This week, Cerys Hearsey examines how individuals can learn how to lead in the fast-paced, volatile, complex conditions experienced by large organisations today.

Organisations recognise that leadership happens at all levels of the organisation. So it should be easier than ever to find opportunities to show these qualities. Although some barriers have been removed, new ones are emerging that make the journey seem as daunting as ever:

  • operating in the open and sharing ideas is difficult without a culture of psychological safety;
  • organisations are running lean and finding time for anything other than assigned tasks and projects is difficult; and,
  • invitations to join formal training for leadership roles feel like the proverbial golden ticket.

All this means that we have not yet reached true inclusivity. Training continues to deliver leaders in the same mould as previous generations. Not an attractive proposition. Employees want to develop and practice skills for a job before applying. It is unsurprising that leadership skills would be high on their list.

So how can you begin to learn how to be a leader in this VUCA world?

  • Be radical, be bold – Many leaders are aware of impending technological disruptions from AI, Blockchain and IOT. But they fail to ask the more fundamental and often uncomfortable questions that digitisation raises. How will leaders engender trust in hybrid human-computer teams, when many employees fear the robots will take their jobs? Or, perhaps even more worrying to management itself, how many middle managers will an organisation require when the coordination and communication tasks associated with traditional management become automated? For our organisations to have a fighting chance, we need future leaders willing to have honest debate in the open on the more difficult implications of digitisation, rather than pretending to have all of the answers.
  • Coach yourself – there are mindsets and behaviours that 21st century leaders require that you can practice everyday, regardless of your position in the company. One of those that I struggled with the most was letting go of ego and getting out of the way! There is a wealth of material out there on how to make a start with this key servant leadership behaviour, and practicing on your day-to-day work (and in fact your wider life activities) is an easier starting point than when you are in a formal leadership position. Ego affirms a leader’s ability to take charge. But checking the ego demonstrates a leader’s ability to take charge of themselves. That is critical to developing strong organisations which can achieve sustainable results. Other mindsets that you can coach yourself on include openness and transparency, leading by example and excellence & wielding and leveraging influence.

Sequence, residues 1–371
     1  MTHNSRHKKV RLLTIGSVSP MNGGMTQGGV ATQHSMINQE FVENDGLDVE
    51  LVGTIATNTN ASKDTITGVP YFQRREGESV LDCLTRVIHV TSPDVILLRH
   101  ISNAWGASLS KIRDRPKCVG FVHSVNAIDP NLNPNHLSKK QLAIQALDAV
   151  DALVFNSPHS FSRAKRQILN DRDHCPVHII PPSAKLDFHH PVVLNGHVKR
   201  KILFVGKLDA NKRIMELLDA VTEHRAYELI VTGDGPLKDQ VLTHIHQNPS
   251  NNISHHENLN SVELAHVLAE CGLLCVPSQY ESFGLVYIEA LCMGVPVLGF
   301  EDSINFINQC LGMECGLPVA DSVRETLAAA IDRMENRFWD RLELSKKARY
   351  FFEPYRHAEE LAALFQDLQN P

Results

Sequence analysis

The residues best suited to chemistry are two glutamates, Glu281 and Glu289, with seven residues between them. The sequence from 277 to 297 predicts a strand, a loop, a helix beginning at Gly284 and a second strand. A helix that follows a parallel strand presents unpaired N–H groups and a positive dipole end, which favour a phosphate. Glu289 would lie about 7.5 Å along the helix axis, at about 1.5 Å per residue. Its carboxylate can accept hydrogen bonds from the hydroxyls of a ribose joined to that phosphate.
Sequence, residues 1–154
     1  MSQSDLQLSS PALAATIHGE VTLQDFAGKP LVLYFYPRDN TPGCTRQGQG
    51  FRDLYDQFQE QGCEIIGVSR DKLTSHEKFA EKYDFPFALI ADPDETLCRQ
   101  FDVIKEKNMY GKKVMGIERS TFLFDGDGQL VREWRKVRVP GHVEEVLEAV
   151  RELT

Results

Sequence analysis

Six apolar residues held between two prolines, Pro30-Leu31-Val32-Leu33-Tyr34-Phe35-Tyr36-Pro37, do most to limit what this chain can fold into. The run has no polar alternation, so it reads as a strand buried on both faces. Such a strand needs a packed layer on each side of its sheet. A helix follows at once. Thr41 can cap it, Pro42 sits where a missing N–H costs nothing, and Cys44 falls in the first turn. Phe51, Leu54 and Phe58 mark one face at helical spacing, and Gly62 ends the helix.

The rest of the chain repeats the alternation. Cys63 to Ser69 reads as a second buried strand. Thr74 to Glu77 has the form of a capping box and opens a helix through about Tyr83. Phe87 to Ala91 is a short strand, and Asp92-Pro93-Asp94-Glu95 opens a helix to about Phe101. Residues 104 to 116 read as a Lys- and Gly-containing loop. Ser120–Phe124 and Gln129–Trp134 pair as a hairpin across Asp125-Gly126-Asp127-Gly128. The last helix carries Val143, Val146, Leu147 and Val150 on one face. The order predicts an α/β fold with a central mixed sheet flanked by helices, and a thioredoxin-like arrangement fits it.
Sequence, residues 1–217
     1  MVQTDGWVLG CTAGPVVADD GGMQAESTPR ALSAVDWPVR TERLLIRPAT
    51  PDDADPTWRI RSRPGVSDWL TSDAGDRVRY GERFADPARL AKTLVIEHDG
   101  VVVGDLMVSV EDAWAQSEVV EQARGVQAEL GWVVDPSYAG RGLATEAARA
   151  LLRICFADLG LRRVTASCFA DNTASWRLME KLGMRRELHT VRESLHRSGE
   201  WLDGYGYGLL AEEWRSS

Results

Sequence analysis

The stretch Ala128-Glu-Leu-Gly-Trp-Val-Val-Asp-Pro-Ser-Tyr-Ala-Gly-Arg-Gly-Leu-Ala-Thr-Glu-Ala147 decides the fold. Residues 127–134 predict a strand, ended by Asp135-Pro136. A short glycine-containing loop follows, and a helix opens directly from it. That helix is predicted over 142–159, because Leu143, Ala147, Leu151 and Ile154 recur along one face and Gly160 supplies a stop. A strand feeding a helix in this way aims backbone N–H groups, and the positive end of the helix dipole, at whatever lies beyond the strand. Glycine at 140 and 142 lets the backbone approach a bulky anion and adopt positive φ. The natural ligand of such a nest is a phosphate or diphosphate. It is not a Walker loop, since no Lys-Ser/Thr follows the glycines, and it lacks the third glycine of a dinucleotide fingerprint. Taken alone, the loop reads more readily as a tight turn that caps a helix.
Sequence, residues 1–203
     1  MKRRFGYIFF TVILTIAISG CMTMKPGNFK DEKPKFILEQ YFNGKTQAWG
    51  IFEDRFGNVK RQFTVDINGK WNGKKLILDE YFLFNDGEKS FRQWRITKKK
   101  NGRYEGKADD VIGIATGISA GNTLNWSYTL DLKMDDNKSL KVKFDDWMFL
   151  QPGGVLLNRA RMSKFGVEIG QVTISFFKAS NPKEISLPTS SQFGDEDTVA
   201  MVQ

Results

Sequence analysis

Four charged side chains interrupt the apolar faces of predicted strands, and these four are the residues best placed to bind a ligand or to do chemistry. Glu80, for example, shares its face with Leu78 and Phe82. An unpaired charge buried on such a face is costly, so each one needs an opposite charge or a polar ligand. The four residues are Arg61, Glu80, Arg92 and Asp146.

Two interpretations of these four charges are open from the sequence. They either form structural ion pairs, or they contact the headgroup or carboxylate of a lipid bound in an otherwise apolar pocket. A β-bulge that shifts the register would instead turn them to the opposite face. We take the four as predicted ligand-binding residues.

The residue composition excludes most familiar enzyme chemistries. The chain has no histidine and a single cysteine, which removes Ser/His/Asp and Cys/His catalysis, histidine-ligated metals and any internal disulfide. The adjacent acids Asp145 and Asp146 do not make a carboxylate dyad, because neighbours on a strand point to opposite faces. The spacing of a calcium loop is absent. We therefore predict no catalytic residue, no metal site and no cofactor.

• Embrace openness – although many aspects of organisational openness (or lack of) are baked into org structures and formal leadership hierarchy, you can role model openness and generosity for others. When decisions are made to lock away information, ask why. When decisions are made to reinforce organisational silos, challenge the presumptions that lie behind it. Be part of the future organisation struggling to break out of the old.
  • Commit to community – network and community based collaboration is an excellent way to grow your profile within the organisation. Community management offers the opportunity to engage, organise and curate groups of cross-functional employees to create value. It is an excellent place to master network-based communication and up your influencer skills. In short, they offer opportunities to learn leadership skills outside of the traditional training programmes and hierarchy-driven ways of working. Forward thinking organisations, such as Robert Bosch GmBH have already recognised community management as a path to leadership, developing a career path and learning opportunities to enable emerging digital leaders.

For those interested in learning more on this topic, I have included some good reads below on the future of leadership: